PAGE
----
“You can never let up on your training,” says Tuinei, “because the public depends on you to be there for them.”
U.S. NAVY CHOPPER PILOT
Commander Hillary Darby
➥ Darby joined the Naval Reserves at 17, planning to be a Navy doctor, but was inspired by a flight surgeon and chose a career as a pilot. When she was in flight school, the Navy opened up Combat Aviation to women. Drawn to helicopters because of the close-knit crew and community, she ultimately trained in the Seahawk helicopter and deployed on small warships (cruisers, destroyers and frigates) as an integral part of the ship air-team.
Wherever she’s been stationed, Darby has often been the first or only woman of her rank and experience level. One of her tough assignments? “Serving as one of two women pilots on a combat ship with over 300 guys … It wasn’t easy by far,” she says, “but the ship’s commanding officer went out of his way to ensure that we were treated fairly. When key leaders set a positive example, the impact is immediate and pervasive.”
➥ Jones has worked her way up from intern to tax principal at Accuity LLP, where spreadsheets and numbers are her daily bread. With a master’s degree in accounting from the Shidler College of Business at UH Manoa, and a CPA, her clients nowadays are corporations, businesses, individuals and nonprofits. “After my first accounting class, I called my mom and said, ‘I really like this,’ and she said, ‘Honey, no one likes accounting,’ so I figured I was on to something!”
Jones loves being part of the business world, and says she feels completely at home in her firm. “You spend so much time at your workplace, it has to be your second family,” she says. Increasingly in Hawaii, and across the country, women are running companies and taking leadership roles as they create lucrative and fulfilling business careers.
➥ As the only woman veterinarian at the Honolulu Zoo, Kaiser is part of a team that provides medical care for more than 900 animals, from the largest African cats and an Asian elephant to the smallest birds – like the Hawaiian honey creeper – to this phenomenal tortoise named “Jaws,” who is on the endangered species list.
Jaws arrived in Honolulu in 1928; the zoo now has Jaws and nine other Galapagos tortoises, and five Aldabra giant tortoises.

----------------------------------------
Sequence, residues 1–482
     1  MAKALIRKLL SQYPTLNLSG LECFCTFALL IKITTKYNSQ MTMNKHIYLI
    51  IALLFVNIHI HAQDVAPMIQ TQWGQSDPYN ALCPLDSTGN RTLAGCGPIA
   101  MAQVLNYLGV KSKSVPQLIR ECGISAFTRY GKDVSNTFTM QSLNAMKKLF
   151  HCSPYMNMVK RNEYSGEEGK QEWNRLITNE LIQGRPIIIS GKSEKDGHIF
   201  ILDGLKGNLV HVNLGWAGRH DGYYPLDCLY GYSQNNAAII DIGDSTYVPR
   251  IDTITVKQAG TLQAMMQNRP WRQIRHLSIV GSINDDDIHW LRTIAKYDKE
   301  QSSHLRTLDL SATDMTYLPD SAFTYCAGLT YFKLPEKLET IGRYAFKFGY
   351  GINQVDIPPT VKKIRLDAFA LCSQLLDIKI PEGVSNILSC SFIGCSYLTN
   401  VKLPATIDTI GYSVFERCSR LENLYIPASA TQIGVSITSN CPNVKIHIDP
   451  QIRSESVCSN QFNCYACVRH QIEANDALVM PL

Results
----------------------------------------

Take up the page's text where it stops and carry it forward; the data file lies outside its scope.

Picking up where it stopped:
“We are one of the first places that successfully bred these animals in captivity,” said Kaiser, who loves her job because it offers the opportunity to work with so many kinds of animals, as well as “being able to contribute in some way to the conservation of their wild counterparts.” She’s been with the zoo for a year.
➥ As the lieutenant in charge of the Vehicular Homicide Section of the Honolulu Police Department, Lau is often part of one of the three teams that respond to critical or fatal traffic accidents. A police officer for 15 years, Lau worked her way up from patrol, and has been head of Vehicular Homicide for two years, the first woman to hold the job. While she is responsible for making sure her teams collect all the measurements and other details of critical traffic accidents, the hardest part is seeing what happens to victims. “When a person ends up living with a severe challenge, that’s when I have the hardest time,” she says. “People’s lives or families are changed in an instant.” Of the approximately 2,000 HPD officers as of August 1, about 12 percent or around 240 are women.
OPERATING ROOM NURSES
Leovi Vizcarra & Tracey Barber-Holland
➥ Elaborate preparation is required before a liver transplant at The Queen’s Medical Center. Scrub nurse Vizcarra, RN, left, and circulating nurse Barber-Holland, RN, set up about 500 pieces of equipment, including instruments, needles, sponges, sutures and drapes that will be used during surgery. Everything must be done in a sterile fashion, and each item must be counted both before and after. As the circulating nurse, Barber-Holland continues to get additional equipment that may be needed during the operation.
With 11,000 people in its ranks, nursing has the highest number of people of any occupation in Hawaii.